Tranxene is a prescription drug approved by the U.S. Food and Drug Administration (FDA) to control partial-onset seizures in people 10 years of age and older. Tranxene is used in combination with other medications. Tranxene is also referred to by its drug name, clorazepate dipotassium.
Tranxene is a member of the benzodiazepine class of drugs. Benzodiazepines are used to treat seizures, anxiety, and alcohol withdrawal. Tranxene is believed to work in cases of epilepsy by inhibiting nerve signals in the brain.
How do I take it?
Prescribing information states that Tranxene is taken orally as a tablet. Your doctor will likely start you on a low dose of Tranxene and gradually increase the dosage.
Do not stop taking Tranxene suddenly. If you decide to stop taking Tranxene, consult your doctor for a plan to reduce your dosage gradually.
Tranxene should be taken exactly as prescribed by a physician.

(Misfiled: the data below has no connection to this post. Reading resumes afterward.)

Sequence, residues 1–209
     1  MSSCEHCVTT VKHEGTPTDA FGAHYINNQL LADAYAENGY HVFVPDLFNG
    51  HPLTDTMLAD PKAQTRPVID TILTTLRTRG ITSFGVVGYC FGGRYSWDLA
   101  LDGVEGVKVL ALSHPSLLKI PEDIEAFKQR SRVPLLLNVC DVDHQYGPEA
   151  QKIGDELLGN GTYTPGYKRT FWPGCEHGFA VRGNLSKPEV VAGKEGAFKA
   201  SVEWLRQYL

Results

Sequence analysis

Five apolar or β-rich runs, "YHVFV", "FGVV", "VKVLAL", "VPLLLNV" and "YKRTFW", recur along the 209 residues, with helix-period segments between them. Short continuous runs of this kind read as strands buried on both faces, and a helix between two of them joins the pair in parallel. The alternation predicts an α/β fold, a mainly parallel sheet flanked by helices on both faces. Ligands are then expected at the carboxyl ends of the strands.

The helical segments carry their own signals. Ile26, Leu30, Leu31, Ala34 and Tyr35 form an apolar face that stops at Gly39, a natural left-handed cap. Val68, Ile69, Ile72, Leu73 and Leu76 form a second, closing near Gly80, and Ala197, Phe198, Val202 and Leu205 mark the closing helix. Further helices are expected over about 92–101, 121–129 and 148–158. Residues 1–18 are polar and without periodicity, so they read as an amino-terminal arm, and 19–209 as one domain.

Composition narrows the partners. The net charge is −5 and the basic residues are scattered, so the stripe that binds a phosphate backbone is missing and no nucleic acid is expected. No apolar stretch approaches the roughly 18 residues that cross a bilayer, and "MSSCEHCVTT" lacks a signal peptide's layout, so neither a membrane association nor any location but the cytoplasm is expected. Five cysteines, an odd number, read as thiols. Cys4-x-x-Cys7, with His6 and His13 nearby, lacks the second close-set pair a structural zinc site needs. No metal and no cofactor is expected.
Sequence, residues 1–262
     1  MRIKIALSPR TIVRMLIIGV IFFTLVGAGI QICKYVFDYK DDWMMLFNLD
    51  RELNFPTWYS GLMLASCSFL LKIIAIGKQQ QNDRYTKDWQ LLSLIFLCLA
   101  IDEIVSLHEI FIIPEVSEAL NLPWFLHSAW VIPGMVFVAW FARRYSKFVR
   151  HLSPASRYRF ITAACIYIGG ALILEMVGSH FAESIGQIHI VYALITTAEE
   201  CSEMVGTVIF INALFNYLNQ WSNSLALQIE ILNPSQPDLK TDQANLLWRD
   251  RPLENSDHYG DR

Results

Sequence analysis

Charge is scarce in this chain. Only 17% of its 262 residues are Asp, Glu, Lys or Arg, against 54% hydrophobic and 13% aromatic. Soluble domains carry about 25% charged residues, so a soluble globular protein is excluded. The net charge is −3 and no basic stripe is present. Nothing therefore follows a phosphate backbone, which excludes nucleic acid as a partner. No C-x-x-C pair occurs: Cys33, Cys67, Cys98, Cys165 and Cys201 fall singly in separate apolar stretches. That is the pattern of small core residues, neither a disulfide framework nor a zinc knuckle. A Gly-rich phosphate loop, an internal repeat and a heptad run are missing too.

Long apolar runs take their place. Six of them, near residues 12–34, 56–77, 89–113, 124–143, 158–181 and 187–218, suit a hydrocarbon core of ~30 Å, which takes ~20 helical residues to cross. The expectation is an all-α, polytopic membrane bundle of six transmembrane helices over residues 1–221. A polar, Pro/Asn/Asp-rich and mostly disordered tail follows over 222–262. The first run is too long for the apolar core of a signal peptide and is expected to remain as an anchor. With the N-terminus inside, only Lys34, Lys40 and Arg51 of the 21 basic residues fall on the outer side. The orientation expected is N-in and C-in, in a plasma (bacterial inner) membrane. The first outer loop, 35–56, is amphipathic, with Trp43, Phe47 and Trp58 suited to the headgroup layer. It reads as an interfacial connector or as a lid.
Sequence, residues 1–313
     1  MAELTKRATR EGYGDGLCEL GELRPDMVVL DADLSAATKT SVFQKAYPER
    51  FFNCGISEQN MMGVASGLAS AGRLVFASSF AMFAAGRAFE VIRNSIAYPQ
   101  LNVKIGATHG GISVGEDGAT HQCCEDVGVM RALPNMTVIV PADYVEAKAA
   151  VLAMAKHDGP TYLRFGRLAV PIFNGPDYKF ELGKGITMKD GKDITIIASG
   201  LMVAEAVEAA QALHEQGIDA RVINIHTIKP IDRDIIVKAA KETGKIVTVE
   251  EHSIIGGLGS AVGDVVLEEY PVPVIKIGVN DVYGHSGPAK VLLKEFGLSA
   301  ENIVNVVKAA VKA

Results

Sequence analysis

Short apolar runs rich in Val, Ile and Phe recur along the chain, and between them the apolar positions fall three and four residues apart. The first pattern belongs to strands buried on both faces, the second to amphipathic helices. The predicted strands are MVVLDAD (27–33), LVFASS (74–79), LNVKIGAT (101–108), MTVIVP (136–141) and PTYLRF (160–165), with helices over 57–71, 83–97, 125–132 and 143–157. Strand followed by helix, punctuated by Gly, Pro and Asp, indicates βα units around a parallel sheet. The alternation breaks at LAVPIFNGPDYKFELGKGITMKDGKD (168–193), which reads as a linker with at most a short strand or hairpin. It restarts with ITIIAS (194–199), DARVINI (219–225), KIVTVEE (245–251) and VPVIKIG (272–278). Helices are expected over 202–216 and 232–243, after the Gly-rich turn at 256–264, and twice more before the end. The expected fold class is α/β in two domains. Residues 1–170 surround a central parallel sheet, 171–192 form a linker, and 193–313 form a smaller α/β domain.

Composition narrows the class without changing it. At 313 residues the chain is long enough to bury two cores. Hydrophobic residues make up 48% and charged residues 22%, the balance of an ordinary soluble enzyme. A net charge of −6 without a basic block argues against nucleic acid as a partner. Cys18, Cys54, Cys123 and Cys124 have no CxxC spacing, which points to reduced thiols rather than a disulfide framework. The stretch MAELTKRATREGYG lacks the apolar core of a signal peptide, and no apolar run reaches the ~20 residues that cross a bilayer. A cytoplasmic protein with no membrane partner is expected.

The FDA-approved label for Tranxene lists common side effects including drowsiness, dizziness, digestive complaints, nervousness, blurred vision, dry mouth, headache, and confusion.
Rare but serious side effects listed for Tranxene include sedation, fetal harm, and low blood cell counts.
Tranxene can be habit forming.
Call your doctor if you experience vision changes, muscle tremors, skin rash, slurred speech, or difficulty walking while taking Tranxene.
Avoid driving or operating machinery until you are certain how Tranxene affects you.
Drinking alcohol while taking Tranxene can intensify some side effects. Smoking while taking Tranxene can decrease its effectiveness.
For more details about this treatment, visit:
Tranxene — RxList
Tranxene — Drugs.com